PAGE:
When Irish director Rebecca Daly cast Rachel Griffiths as an Aussie in her second Irish film, Mammal (after The Other Side of Sleep) she wanted the 47 year-old to be a fish out of water in her Dublin environs. Daly also wanted the actress to rein in her naturally gregarious personality for the role of Margaret, a mum whose estranged 18 year-old son has died. In fact she never really knew him but is consumed with grief. When she finds a young larrikin, Joe (Barry Keoghan) lying beaten up on the ground, she takes him in and offers him her spare room. A few sparks begin to fly so that the relationship veers away from being purely platonic.
HB: Where did the story come from?
Rebecca Daly: My co-writer Glenn Montgomery originated the idea. He wanted to write a story about this woman we discover a little way into the film who has not raised her child and is not a conventional kind of mother. We developed the story out of that. We are always interested in a bit of mystery, so there’s this time in the film where you’re getting to know her and you don’t really know what this other layer is and what comes next.
I was interested in the tension between Rachel as a warm outgoing woman versus the character who’s introverted and not so verbal, and taking these big unexpected decisions.
HB: How did you facilitate the chemistry between Rachel and Barry?
RD: We spent a lot of time together over a couple of weeks. A lot of humour was used as both of them are outgoing, so it was a natural way to connect. There's a mother-son dynamic going on and when they're having sex in the bathtub it’s a womb-like space. There’s something a bit foetal about the position of their legs and it’s soothing rather than being really sexy.
HB: How did the sex come about?
RD: Joe is probably driving the sexual agenda more, but Margaret is also a participant. She takes a step back from it after a while and there’s an interesting tension between them.
HB: Did Rachel appreciate having a woman director?
RD: Interestingly we didn't talk about that, though we enjoyed the experience. I think she was excited by how different it is from the kinds of things she’d been doing.
HB: Are you a mother?
RD: No, but I talked to a lot of mothers in my research. Rachel of course is a mum, so she has all that to bring to the character.
HB: What was it like to be in Ireland with your husband and kids, and then to play a mother unlike yourself in a movie?
Rachel Griffiths: I think as mothers we go to work, we play a different role and we come home. I think it's our strength as multi-taskers. We might manage 100 people at a law firm and hopefully we don't manage our family in the same way. We’re all challenged by those shifts on a daily basis.
It was lovely to share weekends with my family and we did some great drives and showed the children the castle of my husband’s ancestors.
HB: Your husband, artist Andrew Taylor, has an Irish background?
RG: Don't we all, if you dig back far enough! You know, we’re talking Norman!
HB: What was it like to work with a woman director? You haven’t done that much.
RG: One has less opportunities, I guess, statistically. I had a lot of female directors on Six Feet Under and many of my favorite directors on Brothers & Sisters were women. I’ve probably worked with more men than women, though everyone is different. Some are real cutters, some are real communicators and some are kind of squirrels.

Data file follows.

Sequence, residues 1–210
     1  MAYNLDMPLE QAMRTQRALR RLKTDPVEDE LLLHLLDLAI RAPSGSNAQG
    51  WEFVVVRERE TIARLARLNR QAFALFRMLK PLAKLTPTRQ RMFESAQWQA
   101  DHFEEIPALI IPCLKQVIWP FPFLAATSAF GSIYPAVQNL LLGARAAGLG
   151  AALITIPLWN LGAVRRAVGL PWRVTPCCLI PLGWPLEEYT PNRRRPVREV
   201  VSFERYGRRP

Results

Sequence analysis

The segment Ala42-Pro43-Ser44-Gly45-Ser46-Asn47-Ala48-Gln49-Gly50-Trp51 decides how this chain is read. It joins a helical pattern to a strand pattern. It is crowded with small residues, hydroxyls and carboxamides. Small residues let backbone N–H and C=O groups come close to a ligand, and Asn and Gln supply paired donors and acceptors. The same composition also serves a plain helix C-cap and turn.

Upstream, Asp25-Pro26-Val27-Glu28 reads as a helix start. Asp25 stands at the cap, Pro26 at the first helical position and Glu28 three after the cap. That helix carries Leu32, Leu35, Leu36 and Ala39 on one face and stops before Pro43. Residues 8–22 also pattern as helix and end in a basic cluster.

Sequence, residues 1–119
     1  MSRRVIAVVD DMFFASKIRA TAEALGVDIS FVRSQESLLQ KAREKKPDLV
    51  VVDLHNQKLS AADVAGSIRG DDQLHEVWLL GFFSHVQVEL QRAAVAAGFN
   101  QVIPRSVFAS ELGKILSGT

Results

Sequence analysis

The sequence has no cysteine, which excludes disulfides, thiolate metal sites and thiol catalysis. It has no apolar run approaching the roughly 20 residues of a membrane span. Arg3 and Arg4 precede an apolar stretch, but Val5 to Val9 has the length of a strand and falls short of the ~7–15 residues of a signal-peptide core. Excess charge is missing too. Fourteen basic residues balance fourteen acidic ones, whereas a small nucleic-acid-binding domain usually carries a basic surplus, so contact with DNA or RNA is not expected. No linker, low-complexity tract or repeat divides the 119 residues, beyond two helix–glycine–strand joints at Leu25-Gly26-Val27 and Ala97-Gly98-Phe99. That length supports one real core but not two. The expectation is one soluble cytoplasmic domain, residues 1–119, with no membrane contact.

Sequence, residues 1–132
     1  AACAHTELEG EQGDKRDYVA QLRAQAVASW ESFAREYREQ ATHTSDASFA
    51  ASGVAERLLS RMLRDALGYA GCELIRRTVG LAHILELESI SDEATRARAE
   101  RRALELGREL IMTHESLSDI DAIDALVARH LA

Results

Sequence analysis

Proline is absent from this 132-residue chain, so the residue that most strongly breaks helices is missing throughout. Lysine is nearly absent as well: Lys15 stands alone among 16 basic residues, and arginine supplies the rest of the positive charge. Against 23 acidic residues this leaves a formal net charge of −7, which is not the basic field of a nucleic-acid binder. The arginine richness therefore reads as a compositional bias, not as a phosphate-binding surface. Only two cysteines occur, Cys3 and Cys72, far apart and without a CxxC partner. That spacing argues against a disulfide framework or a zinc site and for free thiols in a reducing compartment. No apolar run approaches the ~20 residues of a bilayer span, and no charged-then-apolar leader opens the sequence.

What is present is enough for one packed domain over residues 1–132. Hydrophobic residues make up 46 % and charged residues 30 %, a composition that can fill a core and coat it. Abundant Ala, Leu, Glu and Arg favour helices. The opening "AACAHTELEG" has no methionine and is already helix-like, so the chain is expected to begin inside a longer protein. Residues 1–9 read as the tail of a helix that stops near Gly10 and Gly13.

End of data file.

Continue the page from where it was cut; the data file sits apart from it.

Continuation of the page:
I think Rebecca is the real deal in that she is actually an auteur. I’m not overly worshipping at the notion of the auteur and a lot of people think they’re auteurs when they’re not. They’re good craftspeople. But Rebecca’s vision of the world and her understanding of certain states is so specific and delicate and rare that the movies she makes are utterly unique and cohesive to this very specific lens. And to me that's the definition of an auteur. When you watch her movies, you feel like you’re seeing the world through her eyes and it was incredibly exciting to surrender to that and it’s not something I’ve done. I mean (Muriel’s Wedding director) PJ’s a real auteur but I haven’t worked with a lot.
HB: How do you look back on Muriel’s Wedding?
RG: (Cackles) I saw it recently and it’s so beautiful. I’m so full of gratitude for the opportunity and I’m so proud of PJ and Toni and I’m even proud of my younger self and to see how our careers have grown. I just feel so lucky that I was hired for that job. I met the guy who was handling all the press for Muriel’s Wedding in America last night. I hadn’t seen him since then and we were talking about loading the cannon when I was shooting out into the atmosphere! It was so nice to see him again.
HB: How was it filming your latest Australian film, Hacksaw Ridge directed by Mel Gibson? (The film will world premiere at the 2016 Venice Film Festival.)
RG: It was extraordinary. I loved it. It was a serious role but a joyful process. It was wonderful working with an actor who really understands actors. I’ve never seen Hugo Weaving, who I rate so highly as an actor, be so good (as her husband in the film). Andrew Garfield was doing the best work he’s ever done too.
Mel has this wonderful way of bypassing the intellectual stuff, which sometimes as an actor I just think gets in the way. Somehow he makes you understand what he wants the movie to be in that moment. It’s almost as if he’s able to describe it for you sitting in the audience – the feeling that’s on the screen – without ever really directing you. It’s quite mysterious. The crew loved him, his cast adored him and I’m very, very excited for that movie. I think it’s an amazing story and it’s going to be great for Australian filmmaking in general.
'Mammal' is screening at 2016 Melbourne International Film Festival on August 10 and 12.
Watch the 'Mammal' trailer: